The plot is thickening up on the agent front.
This week's news has a different agent asking to represent my novel. Which is... yay! With complications.
The first thing is, I did agree to inform the first agent if there was any other offer on the book, and to give her the a chance to say whether she's interested or not. So I'm waiting to hear back from the first (potential) agent, and I'm not sure how long that takes. I have horrifying visions of my emails somehow being netted in a spam filter, but I'm going to take it on faith that that's paranoia in action.
The second thing is that the new agent doesn't normally represent Young Adult books, which is somewhat of a concern. The first (potential) agent does. So... yeah. You can see how this is qualified good news. Still, I think it is important to remember that it is very good news indeed!
Champagne still pending.
So on other fronts, yesterday we went and saw Hereafter. First off, Clint Eastwood is a treasure, no amount of appreciation can do him justice. I felt the film spoke profoundly to my own life. It's not because I relate personally to the near-death experience--I haven't had one. Much of the film's focus is not about the experience itself, but how people relate to you when you've start talking about something that they aren't willing to accept. Your life has changed course, and all of a sudden you find yourself out on "the fringe." The people who you once respected and identified with now look at you as "woo-woo" and irrational, if not actually insane.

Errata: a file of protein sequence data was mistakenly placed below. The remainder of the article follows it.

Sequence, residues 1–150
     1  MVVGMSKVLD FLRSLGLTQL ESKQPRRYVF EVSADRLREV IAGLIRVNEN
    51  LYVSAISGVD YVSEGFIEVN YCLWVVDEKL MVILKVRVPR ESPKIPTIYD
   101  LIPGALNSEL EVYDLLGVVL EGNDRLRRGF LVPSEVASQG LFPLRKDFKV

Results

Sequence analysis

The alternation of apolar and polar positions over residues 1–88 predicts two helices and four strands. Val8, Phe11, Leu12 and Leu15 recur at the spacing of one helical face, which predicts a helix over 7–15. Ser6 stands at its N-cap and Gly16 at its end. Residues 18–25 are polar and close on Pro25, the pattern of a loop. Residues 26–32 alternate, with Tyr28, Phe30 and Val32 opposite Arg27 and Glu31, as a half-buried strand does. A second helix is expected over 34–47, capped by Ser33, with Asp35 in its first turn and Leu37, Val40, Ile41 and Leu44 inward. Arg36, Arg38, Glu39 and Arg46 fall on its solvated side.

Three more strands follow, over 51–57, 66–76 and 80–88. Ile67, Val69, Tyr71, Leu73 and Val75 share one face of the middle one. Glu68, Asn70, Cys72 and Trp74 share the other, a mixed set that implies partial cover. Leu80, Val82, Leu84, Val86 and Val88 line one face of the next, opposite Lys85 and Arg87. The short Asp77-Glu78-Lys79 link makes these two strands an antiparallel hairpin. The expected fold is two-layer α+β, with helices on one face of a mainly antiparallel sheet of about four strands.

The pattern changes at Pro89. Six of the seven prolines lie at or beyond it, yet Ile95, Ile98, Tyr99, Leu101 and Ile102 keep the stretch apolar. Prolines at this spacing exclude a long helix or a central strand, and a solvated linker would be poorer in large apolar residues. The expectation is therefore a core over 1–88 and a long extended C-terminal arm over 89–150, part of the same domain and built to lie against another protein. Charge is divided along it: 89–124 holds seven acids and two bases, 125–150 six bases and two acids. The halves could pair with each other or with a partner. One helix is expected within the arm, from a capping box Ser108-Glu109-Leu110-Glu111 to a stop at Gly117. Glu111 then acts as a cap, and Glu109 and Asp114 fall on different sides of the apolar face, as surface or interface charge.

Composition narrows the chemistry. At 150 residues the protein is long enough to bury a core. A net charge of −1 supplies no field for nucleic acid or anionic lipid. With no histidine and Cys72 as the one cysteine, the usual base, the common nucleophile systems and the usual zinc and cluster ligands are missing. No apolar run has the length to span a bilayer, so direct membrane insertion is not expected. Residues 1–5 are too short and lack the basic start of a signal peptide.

As someone who works at Sounds True, and as someone who was once, philosophically, a materialist atheist, this story speaks to me very strongly. It is something I want to capture in Sharon's story, since it is the journey that she undergoes when she is blindsided by something miraculous, and it forces her to change her point of view.
In my life, I haven't experienced anything that is obviously miraculous. I'm in the more difficult position of having to decide who to believe when they tell their stories of things that don't fit into the reductionist universe. Oh, to be sure, I've gotten little tastes myself. Yet if I wanted to go back to materialist thinking, I could (unlike Sharon, whose miraculous healing and ongoing immersion into the world of magic give her pretty much no choice but to swallow that she's going to have to change her worldview).
It is a subject that occupies much of my thinking, and I thought Eastwood's handling of the material was superb. If I get the chance, I'll write more about this.